Follow the Path of Br. Stephen Isley: His discernment and life before the Order.
In the Directory of Midwest Augustinian friars in 2010, the youngest listed member was 40 years old, born in 1970. Set to be added to the directory’s next installment was Stephen Isley, born in 1987: “I remember looking at the directory and thinking, ‘Oh my God! I’m going to be the youngest guy here by 17 years!’”
It would be hard to imagine for Br. Stephen that just six years later the Augustinians would have 40 men in formation across North America with 11 newly professed friars in 2016 alone. Young men looking today will have a very different image of the Order than the one had by Br. Stephen. What led a young man, just out of college, to make the leap to join a religious community that had not witnessed the solemn profession of a younger vocation in over a generation? Why the Augustinians of all Orders? On the occasion of his Diaconate Ordination, we wish to explore what led Br. Stephen into the Augustinian formation program in 2009.
BEFORE HEARING THE CALL
Br. Stephen grew up in the vibrant Catholic community of Wichita, Kansas, attending his local parochial school of Saint Francis of Assisi. “It was a world where everyone and their dog was Catholic, and everyone I saw at school during the week I saw at Mass on Sunday.” Br. Stephen went on to Bishop Carroll Catholic High School of the Diocese of Wichita, a school known for producing many vocations. While there were many good model priests and seminarians, and his name surfaced a few times among classmates as someone who should consider a priestly vocation, the diocesan priesthood never held much attraction for Br. Stephen and men’s religious life was as yet unknown to him.
Meanwhile, he continued to be attracted to experiences of community through the cross-country and track teams and the local youth group. When he entered the University of Tulsa as a philosophy major, he continued participated regularly in the life of the university’s Newman Center. He began to deepen his spirituality, attending adoration, daily masses, and began to pray the liturgy of the hours. Again, he would be asked from time to time whether he had thought about becoming a priest. “I’d tell people, ‘Woah! You can study philosophy, go to Mass, and grow a beard without becoming a priest.’” At this point, the idea of a vocation to religious life was still unknown.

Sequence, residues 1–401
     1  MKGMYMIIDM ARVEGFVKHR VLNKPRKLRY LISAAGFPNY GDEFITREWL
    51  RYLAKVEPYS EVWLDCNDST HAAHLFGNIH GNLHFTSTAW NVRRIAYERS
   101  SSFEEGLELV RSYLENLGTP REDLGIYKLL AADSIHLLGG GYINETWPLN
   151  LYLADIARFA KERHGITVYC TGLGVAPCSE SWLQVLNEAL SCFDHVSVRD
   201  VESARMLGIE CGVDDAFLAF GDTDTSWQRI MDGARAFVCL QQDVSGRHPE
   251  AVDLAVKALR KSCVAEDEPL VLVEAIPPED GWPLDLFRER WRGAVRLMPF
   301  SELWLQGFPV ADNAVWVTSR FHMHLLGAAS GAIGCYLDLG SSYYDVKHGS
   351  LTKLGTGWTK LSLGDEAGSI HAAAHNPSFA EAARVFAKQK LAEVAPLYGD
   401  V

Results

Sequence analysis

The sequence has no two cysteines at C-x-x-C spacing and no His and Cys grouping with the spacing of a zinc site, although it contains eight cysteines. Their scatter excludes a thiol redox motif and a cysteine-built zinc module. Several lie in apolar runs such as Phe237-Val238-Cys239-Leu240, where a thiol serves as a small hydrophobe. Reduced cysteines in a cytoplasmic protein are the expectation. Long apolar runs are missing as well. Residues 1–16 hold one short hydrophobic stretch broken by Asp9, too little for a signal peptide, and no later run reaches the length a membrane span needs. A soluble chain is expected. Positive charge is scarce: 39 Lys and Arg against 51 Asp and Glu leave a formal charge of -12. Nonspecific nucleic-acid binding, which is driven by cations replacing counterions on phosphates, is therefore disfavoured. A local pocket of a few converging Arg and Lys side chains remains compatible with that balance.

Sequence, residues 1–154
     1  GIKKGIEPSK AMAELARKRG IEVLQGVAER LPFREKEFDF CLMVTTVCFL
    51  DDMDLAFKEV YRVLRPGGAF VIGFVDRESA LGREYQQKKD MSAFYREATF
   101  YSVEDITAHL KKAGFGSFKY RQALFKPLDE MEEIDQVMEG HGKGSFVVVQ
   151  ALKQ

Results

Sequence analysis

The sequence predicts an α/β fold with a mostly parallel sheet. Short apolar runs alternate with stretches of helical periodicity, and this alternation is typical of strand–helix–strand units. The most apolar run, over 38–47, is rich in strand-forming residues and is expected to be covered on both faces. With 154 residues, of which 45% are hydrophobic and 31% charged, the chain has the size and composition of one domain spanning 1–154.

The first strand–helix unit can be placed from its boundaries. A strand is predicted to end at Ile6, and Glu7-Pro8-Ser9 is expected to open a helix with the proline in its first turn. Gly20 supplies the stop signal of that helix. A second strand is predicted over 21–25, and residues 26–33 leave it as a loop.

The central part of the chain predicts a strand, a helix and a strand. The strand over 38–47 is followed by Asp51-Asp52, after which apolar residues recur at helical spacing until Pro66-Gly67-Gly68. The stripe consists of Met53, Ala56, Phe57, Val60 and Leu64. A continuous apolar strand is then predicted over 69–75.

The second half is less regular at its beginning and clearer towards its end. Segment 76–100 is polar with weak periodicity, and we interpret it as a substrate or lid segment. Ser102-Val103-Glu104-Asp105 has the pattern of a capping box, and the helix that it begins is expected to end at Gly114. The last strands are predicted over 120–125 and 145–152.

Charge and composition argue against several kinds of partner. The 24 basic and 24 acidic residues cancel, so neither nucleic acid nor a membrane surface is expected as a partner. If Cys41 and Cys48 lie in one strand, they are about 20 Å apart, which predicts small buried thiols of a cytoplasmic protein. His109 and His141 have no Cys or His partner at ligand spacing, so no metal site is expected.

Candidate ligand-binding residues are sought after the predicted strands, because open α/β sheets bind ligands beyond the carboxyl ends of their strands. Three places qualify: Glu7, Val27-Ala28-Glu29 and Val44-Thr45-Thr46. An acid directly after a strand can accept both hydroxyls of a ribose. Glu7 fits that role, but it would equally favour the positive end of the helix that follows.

READING SAINT AUGUSTINE
This would change during Br. Stephen’s second semester at the University of tulsa with a course on Medieval Culture. Early readings included the Life of Anthony of the Desert and Saint Benedict. “Growing up where it was so easy to be Catholic, I was stunned by how radically these men lived out the Gospel. I wondered, ‘Where can I see this in the Church today?’” Still, he felt more admiration than attraction. The accounts of these men made them seem otherworldly, figures more of awe than of imitation. In Augustine’s Confessions, written by that saint’s own hand, Br. Stephen found something much closer to home. “It was like looking in a mirror. His questions to himself about himself were the same questions I was asking myself. Eventually his journey became my journey and his prayer became my prayer.“
“O LORD, YOU KNOW ALL MY LONGINGS”
Br. Stephen’s prayer did begin to change, marked more by question than answer and more by silence than by speech. The path he had envisioned for himself began to look less clear. He had a loving romantic relationship of more than two years but found that a different longing was building up: a longing for prayer and community, a longing for poverty, chastity, and obedience.